(Singapore, Mar 4, 2020) The spread of COVID-19 has created fresh uncertainty for the global growth outlook and sparked volatility in financial markets, according to analysts at Schroders, a global investment management company.

Andrew Rymer, an Investment Writer of Schroders, believes that from a financial markets perspective, the response had been fairly muted amid signs that the rate of infection in China had peaked.

“However, the recent emergence, and acceleration, of cases in South Korea, Iran and Italy has led to fears that the virus could have a far greater impact than markets were initially anticipating,” he said.

Among other markets, commodity prices have also felt a disproportionate impact. China is the dominant consumer of many raw materials, particularly metals for use in industry. As a result, the impact on prices has been significant, as illustrated by the S&P GSCI, a measure of broad commodity price performance.

This has implications for countries which are commodity exporters. Latin America, in particular, Brazil, Chile, Colombia and Peru, have all seen marked volatility in their equity markets and currencies.

As to the question that how far will the virus spread and will it get a foothold in the US, Keith Wade, Chief Economist at Schroders, said: “The revival in the world economy has been brought to a standstill in Asia as a result of the virus. The effects are now rippling through the world economy as supply chains become disrupted. There is also the added uncertainty of the virus emerging in other places around the world.”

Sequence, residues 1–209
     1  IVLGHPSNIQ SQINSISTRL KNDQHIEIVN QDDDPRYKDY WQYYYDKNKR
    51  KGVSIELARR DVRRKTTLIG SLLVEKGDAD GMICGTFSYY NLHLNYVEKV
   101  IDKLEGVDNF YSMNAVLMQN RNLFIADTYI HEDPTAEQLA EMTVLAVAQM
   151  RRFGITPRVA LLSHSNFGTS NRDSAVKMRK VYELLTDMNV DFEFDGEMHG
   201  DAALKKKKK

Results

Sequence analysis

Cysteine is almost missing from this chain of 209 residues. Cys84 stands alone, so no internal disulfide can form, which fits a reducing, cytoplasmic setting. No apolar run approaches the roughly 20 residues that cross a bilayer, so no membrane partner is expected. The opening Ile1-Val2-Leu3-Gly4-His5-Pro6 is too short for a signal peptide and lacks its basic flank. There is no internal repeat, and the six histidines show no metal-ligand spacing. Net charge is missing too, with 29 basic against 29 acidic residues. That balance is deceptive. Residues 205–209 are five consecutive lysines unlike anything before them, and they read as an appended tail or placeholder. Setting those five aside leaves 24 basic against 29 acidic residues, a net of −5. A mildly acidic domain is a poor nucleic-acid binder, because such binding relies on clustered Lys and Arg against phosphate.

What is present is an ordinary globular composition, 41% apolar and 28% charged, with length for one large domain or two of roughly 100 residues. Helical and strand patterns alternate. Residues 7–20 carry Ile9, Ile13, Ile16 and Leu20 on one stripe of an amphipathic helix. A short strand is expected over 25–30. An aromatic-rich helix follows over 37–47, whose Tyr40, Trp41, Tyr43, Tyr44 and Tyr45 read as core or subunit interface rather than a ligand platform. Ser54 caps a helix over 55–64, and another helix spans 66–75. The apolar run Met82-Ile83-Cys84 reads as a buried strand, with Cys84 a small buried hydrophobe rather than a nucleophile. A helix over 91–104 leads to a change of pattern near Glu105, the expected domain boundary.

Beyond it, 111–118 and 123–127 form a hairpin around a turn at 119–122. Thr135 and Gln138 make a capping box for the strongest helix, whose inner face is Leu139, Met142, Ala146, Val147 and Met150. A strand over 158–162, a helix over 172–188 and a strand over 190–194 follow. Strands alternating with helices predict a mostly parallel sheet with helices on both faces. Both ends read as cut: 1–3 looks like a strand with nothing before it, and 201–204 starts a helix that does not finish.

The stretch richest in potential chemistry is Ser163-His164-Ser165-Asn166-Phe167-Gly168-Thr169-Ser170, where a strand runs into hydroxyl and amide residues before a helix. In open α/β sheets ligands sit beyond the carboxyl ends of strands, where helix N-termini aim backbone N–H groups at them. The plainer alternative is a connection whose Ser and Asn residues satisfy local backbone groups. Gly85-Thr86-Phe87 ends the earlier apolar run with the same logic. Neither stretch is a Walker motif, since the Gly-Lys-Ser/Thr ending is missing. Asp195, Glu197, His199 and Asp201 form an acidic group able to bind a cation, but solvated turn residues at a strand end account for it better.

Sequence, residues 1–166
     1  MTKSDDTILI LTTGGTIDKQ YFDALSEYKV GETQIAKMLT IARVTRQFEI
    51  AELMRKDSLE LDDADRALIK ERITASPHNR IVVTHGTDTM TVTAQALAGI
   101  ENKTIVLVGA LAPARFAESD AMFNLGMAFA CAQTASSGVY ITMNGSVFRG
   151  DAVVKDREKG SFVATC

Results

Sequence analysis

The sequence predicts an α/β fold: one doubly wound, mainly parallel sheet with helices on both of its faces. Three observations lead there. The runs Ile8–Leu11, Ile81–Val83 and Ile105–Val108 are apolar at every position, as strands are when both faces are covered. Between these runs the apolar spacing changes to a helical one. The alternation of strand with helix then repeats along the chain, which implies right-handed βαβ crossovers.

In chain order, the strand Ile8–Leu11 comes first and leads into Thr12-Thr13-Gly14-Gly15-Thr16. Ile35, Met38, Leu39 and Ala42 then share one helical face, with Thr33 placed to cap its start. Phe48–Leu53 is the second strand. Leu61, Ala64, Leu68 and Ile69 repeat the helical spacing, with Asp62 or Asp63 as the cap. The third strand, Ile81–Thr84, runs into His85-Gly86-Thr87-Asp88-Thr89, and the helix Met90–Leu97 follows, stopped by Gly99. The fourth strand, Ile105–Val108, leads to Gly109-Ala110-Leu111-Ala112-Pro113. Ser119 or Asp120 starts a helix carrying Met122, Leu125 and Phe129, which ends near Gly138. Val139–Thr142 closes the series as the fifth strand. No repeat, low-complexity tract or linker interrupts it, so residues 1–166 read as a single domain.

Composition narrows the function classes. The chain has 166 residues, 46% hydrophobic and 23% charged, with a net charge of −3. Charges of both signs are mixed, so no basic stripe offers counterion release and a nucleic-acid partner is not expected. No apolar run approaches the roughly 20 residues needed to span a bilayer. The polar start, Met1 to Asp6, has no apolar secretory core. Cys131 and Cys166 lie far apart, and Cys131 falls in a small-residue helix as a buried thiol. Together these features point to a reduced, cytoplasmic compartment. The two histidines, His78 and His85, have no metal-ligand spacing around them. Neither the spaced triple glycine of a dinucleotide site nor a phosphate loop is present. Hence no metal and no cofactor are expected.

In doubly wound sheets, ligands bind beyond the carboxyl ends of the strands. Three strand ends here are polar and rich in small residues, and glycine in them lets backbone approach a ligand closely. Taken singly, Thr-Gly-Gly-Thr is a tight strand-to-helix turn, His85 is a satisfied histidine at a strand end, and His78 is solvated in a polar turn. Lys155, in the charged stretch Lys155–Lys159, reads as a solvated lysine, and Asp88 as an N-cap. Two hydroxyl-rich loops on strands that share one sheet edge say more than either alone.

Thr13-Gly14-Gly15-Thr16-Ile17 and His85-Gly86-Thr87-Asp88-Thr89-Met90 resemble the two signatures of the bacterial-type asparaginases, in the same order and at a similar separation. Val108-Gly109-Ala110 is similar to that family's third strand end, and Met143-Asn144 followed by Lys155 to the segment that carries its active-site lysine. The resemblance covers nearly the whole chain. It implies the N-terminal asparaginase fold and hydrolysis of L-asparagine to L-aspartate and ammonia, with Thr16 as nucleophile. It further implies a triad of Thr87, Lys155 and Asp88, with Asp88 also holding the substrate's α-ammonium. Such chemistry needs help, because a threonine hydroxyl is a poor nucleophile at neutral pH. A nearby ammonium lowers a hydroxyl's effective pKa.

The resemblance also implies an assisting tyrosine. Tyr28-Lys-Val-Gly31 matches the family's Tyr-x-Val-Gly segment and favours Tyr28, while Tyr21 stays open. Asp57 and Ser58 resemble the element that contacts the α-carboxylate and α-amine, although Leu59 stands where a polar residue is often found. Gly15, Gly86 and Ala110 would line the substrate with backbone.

He said markets are having to revise their assumptions about a return to normal and whilst the virus may be contained in the second quarter, the effect on spending and activity could persist as people will be cautious for some time after.

The near-term drag will be sufficient to tip some economies such as Japan and Italy into recession. Nonetheless, as the virus subsides there is scope for a bounce back in activity.

The risks of a global pandemic have risen. Carriers of the virus can be infectious without showing symptoms, making it harder to detect, isolate and contain. Clearly this would have greater downside risks to activity, especially if the US is hit. The world’s largest economy is relatively less exposed to global supply chain disruption and can
support global demand, especially if the Federal Reserve cuts interest rates again as we expect.
The majority of world trade is transported by ship. Backlogs at Chinese ports have increased. Should these persist or continue to mount, total global trade, in terms of both volume and value, could fall.

Those economies which are more exposed to trade, including the majority of Asia but also Australia and Europe, may feel the chill.

The Baltic Exchange’s Capesize Index turned negative for the first time ever earlier this month.